10 years ago today: Shane Victorino makes a statement in defeat

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10 years ago today: Shane Victorino makes a statement in defeat

Ten years ago this month, the Phillies won their second World Series title in franchise history. Over the next few weeks, Jim Salisbury will look back at the team’s run through the NLCS and World Series.

With Jimmy Rollins, Chase Utley, Ryan Howard, Cole Hamels, Brad Lidge and others, the 2008 Phillies were clearly a talented bunch.

But they also had some toughness, some grit, some don’t-mess-with-us swagger.

Feisty, high-energy centerfielder Shane Victorino embodied those qualities throughout the 2008 postseason — remember the grand slam against CC Sabathia in the NLDS? — and they came out again in Game 3 of the NLCS against the Dodgers. Sure, the Phillies lost the game, 7-2, as the Dodgers shaved the Phils’ series lead in half, but it was the last game that the Phillies would lose in the series and Victorino would play a huge role the rest of the way — starting the very next night.

The Phillies were never in Game 3 as Jamie Moyer was tagged for six runs and did not get out of the second inning. He gave up a three-run triple to Blake DeWitt in the first inning as the crowd at Dodger Stadium became loud and electric.

The Dodgers were cruising when their starter, Hiroki Kuroda, threw a purpose pitch over Victorino’s head in the third inning. There had been bad blood brewing after Brett Myers fired a pitch up and in on Russell Martin and one behind Manny Ramirez in Game 2.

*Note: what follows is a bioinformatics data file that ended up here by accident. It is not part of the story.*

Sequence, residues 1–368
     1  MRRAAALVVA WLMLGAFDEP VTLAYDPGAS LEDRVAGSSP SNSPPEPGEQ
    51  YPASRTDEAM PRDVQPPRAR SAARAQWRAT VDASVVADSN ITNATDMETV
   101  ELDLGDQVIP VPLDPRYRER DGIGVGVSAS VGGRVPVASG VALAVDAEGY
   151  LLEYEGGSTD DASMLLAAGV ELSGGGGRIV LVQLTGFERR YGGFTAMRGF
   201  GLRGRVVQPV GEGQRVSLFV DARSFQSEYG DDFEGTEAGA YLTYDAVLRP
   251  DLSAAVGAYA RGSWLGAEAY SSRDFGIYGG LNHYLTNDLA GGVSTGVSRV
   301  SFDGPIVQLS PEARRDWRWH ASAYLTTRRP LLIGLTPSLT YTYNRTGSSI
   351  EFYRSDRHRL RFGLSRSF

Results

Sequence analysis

Kuroda was clearly standing up for his mates, but the fiery Victorino, a former Dodgers’ draft pick let go twice by that team, wasn’t taking it. He backed out of the box and pointed to his head then his ribs, telling Kuroda it’s OK to retaliate with a rib shot, but stay away from the noggin.

Victorino ended up grounding out but after he crossed first base he said something to Kuroda and the benches cleared. Ramirez was red-hot and had to be restrained. Worlds collided as Phillies-turned-Dodgers and Dodgers-turned-Phillies tried to get at each other. Dodgers bench coach Larry Bowa could be seen shouting at Myers. Phillies first base coach Davey Lopes, a mentor to Victorino, had heated words with Dodgers first base coach Mariano Duncan.

Eventually order was restrained and Kuroda retired the next nine batters he faced as the Phillies went away quietly.

But they did not stay quiet for long.